Letters to the editor | April 21


Like every regional city or town, Goulburn needs something different to attract tourists.

As we now have the new Wollondilly Walking Track that is attracting large numbers of walkers to the river environment, it has been suggested we now need a rest and revive area somewhere along the track.

Why not obtain an English canal boat and moor it to a floating wharf at a suitable location along the Wollondilly, a letter-writer suggests. Photo: file

Why not obtain an English canal boat and moor it to a floating wharf at a suitable location along the Wollondilly, a letter-writer suggests. Photo: file

Why not obtain an English canal boat and moor it to a floating wharf at a suitable location along the track? A stretch of the river could be transformed into an English style canal. The boat could be called Wind in the Willows. Perhaps a couple of willows could be left close by.

What could be more relaxing for the early morning walkers, joggers, cyclists and other patrons to participate in an English style breakfast aboard the canal boat as they listen to the early morning sounds of the river environment.

The quack of the wood duck, the cackle of a red headed water hen, the magpies chortling, the kookaburras laughing, the tweeting of tom thumbs in the bullrushes, the lap of water against the boat, the whistling of the willows; even enjoying the passing walkers, joggers and riders.

Later on you could enjoy an English morning tea of coffee and chicory and munch on a chelsea bun. While looking over the side you might see a yellow belly water rat, platypus or long necked tortoise looking for leftovers. If rain is coming, you will be joined by a chorus of frogs; unfortunately, no green bell frogs.

English style fish and chips could be offered for lunch: eat on board or takeaway.

As the afternoon sun heads to the west, Wind in the Willows could then offer high afternoon teas in the best English tradition, served on the finest of English bone china.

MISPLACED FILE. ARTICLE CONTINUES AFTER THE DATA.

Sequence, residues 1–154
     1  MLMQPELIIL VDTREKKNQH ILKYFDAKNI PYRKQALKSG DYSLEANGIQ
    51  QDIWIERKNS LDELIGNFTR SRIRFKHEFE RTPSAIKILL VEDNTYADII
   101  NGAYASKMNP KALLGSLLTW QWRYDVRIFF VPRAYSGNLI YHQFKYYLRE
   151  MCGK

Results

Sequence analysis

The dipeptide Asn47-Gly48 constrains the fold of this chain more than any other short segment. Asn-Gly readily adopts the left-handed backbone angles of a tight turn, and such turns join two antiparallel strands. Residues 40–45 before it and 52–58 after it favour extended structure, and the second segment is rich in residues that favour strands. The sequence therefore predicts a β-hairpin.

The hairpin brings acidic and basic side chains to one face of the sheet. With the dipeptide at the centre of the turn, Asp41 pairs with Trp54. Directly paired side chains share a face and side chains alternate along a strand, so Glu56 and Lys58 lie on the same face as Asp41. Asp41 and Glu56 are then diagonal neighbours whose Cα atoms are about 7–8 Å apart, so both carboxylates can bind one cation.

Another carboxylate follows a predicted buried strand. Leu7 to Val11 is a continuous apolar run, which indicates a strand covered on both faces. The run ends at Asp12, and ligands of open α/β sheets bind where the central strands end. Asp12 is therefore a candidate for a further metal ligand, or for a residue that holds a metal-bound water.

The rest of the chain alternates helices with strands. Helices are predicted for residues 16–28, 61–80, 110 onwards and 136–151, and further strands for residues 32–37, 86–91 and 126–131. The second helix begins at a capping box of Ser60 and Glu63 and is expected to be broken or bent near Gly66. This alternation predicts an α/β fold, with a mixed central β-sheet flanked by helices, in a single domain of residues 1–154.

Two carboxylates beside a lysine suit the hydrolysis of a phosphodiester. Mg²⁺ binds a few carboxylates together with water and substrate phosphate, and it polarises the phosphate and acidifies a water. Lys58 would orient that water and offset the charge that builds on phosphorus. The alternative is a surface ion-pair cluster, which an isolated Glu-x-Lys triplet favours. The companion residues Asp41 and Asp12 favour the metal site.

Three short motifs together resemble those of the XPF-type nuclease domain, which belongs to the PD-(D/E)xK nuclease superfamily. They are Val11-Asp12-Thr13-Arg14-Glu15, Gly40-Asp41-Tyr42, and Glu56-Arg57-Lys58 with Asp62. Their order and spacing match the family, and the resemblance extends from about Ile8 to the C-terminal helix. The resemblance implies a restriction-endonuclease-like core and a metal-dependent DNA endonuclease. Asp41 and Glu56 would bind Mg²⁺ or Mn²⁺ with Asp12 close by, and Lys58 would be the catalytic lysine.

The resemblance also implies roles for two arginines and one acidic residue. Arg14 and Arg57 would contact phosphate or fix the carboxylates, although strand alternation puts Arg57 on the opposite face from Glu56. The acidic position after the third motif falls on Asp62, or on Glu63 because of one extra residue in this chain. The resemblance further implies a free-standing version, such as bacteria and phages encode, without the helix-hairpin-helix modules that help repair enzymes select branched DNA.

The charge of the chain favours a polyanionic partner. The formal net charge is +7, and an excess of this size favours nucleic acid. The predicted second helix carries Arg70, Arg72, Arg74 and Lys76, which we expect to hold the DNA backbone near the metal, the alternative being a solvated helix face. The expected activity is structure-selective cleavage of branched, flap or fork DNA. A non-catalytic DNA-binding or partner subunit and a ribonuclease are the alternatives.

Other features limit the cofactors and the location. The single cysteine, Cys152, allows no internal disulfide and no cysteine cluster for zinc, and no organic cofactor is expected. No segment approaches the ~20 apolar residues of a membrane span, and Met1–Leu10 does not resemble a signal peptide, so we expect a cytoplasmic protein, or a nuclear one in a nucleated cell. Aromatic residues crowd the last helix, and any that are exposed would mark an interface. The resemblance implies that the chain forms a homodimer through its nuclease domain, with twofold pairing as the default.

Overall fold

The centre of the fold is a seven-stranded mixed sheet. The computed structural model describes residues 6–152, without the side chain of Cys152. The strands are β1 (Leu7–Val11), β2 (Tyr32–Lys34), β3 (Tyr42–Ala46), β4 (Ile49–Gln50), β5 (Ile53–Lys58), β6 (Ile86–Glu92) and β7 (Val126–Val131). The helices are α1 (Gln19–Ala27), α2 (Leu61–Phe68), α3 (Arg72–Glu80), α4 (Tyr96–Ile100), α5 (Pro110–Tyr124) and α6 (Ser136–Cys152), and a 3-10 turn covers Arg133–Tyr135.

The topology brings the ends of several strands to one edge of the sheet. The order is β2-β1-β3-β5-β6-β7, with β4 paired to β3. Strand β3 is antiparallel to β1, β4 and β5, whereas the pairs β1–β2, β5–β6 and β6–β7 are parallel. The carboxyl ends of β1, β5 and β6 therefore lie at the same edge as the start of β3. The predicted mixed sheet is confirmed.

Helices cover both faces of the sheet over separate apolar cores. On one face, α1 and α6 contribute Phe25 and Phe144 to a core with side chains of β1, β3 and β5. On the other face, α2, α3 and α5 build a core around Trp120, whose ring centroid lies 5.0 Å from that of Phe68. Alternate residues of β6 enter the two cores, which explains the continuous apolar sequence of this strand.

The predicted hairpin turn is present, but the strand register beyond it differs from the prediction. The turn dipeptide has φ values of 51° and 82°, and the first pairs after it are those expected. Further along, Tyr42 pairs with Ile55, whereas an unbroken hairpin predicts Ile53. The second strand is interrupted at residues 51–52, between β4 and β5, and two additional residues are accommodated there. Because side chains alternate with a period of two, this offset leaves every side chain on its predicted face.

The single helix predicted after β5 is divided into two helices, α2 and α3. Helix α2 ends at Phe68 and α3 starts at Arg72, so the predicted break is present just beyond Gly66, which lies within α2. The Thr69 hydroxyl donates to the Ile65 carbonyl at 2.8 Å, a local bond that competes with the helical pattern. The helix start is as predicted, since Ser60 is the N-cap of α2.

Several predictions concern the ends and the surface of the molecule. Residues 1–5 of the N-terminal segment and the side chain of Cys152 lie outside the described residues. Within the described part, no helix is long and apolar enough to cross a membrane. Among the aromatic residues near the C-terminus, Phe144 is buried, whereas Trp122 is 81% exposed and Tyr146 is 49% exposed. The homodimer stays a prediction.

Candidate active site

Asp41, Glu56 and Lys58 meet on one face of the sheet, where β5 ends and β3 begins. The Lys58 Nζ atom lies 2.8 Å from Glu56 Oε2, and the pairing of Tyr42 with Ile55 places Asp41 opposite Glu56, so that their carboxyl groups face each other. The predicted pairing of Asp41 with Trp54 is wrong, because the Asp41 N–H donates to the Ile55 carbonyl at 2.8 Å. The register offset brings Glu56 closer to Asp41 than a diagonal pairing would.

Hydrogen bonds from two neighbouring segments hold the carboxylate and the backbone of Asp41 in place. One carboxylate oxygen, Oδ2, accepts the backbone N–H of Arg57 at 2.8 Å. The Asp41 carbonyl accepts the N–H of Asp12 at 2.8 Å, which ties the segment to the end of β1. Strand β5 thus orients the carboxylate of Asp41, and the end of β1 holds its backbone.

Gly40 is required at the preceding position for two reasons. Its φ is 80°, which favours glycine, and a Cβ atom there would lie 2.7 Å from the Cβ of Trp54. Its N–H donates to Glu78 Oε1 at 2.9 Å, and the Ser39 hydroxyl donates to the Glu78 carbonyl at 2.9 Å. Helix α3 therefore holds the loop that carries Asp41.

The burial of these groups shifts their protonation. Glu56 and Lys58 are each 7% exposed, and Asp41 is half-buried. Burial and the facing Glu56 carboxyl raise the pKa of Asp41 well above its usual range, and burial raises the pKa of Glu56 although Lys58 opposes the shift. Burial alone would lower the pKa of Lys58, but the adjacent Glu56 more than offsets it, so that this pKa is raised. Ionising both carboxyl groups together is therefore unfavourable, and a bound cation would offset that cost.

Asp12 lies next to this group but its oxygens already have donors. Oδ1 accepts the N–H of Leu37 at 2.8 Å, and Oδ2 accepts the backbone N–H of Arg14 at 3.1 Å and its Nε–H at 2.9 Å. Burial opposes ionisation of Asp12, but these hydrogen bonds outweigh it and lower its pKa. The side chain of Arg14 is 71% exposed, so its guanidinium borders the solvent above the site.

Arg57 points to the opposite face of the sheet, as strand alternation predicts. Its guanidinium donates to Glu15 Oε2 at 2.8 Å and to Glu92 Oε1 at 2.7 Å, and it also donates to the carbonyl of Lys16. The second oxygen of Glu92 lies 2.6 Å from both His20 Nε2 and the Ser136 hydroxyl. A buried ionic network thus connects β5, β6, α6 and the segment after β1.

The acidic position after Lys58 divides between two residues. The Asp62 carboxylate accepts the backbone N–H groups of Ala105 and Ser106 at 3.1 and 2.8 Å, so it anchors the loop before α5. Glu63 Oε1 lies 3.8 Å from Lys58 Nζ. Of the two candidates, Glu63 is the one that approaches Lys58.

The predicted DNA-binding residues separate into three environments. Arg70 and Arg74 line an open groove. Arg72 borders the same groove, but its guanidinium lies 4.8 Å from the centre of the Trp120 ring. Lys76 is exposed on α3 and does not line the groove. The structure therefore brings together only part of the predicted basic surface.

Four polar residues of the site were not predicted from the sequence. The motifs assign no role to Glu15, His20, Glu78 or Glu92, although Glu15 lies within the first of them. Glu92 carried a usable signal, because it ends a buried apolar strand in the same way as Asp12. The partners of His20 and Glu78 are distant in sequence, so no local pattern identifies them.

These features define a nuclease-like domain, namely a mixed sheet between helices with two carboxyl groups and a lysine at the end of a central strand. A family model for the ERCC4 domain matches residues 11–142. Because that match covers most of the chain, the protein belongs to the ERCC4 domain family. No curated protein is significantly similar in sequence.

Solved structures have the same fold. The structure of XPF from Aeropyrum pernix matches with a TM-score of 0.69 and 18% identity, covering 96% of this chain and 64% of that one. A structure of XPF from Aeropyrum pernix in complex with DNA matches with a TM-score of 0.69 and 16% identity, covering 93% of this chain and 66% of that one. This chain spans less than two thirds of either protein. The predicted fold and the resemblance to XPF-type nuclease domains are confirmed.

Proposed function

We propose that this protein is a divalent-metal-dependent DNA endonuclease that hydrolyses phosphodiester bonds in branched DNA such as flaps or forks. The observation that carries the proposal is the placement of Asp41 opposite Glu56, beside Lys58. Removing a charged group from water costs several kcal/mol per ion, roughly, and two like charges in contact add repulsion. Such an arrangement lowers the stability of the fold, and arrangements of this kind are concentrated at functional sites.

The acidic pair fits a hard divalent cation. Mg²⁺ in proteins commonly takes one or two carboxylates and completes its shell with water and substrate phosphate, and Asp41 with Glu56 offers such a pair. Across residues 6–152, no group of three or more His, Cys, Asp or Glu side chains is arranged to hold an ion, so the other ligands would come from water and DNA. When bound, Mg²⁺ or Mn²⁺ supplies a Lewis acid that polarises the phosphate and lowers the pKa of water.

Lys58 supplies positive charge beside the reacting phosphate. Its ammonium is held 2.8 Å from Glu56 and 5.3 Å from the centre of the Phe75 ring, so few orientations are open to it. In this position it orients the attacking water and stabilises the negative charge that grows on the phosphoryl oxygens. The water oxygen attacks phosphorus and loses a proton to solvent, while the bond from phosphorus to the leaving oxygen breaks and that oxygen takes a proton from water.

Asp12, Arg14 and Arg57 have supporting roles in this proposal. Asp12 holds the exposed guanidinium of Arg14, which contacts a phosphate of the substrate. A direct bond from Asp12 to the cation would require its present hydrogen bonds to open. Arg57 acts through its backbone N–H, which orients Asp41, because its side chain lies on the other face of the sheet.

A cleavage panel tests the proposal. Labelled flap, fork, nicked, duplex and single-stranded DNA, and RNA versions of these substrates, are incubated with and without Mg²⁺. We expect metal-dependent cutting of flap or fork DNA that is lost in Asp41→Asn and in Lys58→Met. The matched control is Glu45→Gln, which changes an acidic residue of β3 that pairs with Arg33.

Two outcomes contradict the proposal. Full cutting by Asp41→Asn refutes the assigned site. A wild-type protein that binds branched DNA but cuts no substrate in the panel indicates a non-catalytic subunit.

As some of these canal boats are electric powered, a short cruise on the Wollondilly may also be possible.

Something different for Goulburn; but who will make it happen?

Kevin Sasse, Goulburn


The enduring Anzac legacy and the ideal of mateship are more important than ever before.

Mateship is an integral part of the Australian identity. It’s an ideal that defines our nation’s character – this idea of looking out for each other, through the good times and the bad.

The Salvos have served alongside Australian troops in both World Wars and has supported them on deployments in Korea and Vietnam.

Today, we are present in military bases across the country.

We’ve been there providing support to our troops in their times of need – giving them a hand up and a listening ear in their darkest times.

We recognise the power of mateship and why it’s a vital part of the Australian spirit.

Whether a simple act of kindness or helping someone rebuild after tragedy – mateship is the common thread that unites us and something that will always endure.

As we enter these uncertain times, I encourage all Australians to reflect on the Anzac spirit and the strength and hope it brings, and remember why mateship is an ideal still worth fighting for.

Lt Colonel Kelvin Pethybridge, Chief Secretary in Charge, The Salvation Army


It’s back to school with the end of holidays, and time to observe the 40 kilometres per hour school zones again.

Speeding is unquestionably recognised as a major factor in both the number and severity of traffic crashes. As a vehicle’s speed increases, so does the distance travelled during the driver’s reaction time and the distance needed to stop. 

Motorists may find the 40km/h school zones frustrating, yet they have proved to be a highly effective way of keeping children safe. There has been a 30 per cent reduction in casualties in school zones across the country since they were introduced in 2001.

Greg Rappo, Road Safety Education Limited

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